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Letter from Sir Roger Casement, Pentonville Prison, to Father Eamon Murnane, about the state of his mental health before and after his trial,

1916 July 3.

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In Collection: Pearse Papers, 1870-1932
Description: Writes: "I have often thought of you and your visits - and the books you left for me. I am hoping to get them here to read, and have asked for them today. I should like to see you here but I can arrange no visits here - altho' I think you can get leave to come, but not to see me alone ... I was so overwrought and unbalanced before my trial. I hardly know what I was doing or saying or thinking often and lived in a kind of dream - or dreadful nightmare half my days. I am much better now and happier that that terrible ordeal is over and am sleeping better than I have done since I was a boy. Before I had all sorts of things on my mind - to trouble me - now I have none, and although I am in this cell I feel happier than I have been for a very long time - except when I think of Ireland. My last sight of Ireland before the war was Tory Island, away in the far northwest; and my last sight of it since the war was that awful two days of Good Friday and Easter Saturday when I was captured, and carried off from McKenna's Fort to Dublin."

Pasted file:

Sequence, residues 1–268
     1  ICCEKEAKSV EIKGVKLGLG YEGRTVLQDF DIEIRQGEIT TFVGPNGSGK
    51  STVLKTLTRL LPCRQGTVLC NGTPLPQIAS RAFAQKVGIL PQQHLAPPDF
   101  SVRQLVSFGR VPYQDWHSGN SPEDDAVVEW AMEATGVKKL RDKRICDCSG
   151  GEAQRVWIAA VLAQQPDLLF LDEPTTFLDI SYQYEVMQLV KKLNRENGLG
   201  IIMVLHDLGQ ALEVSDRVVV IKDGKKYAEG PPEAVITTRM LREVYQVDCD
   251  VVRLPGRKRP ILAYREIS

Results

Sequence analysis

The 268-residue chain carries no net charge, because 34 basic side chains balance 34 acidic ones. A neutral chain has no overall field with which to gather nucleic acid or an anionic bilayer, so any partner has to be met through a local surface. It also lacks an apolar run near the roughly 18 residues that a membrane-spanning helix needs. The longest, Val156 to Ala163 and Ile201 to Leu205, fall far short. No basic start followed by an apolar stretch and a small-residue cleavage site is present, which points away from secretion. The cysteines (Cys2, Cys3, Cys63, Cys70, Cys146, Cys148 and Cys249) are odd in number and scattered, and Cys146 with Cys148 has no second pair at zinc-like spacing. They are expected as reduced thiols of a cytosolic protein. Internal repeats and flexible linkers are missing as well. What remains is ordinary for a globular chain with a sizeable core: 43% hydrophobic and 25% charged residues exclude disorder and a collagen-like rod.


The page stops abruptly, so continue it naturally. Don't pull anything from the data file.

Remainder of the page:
Main Creator: Casement, Roger, 1864-1916
Language: English
Extent: 1 item (4 pages) with envelope.
Call Number: MS 17,044/1 (Manuscripts Reading Room)
Rights: Reproduction rights owned by National Library of Ireland.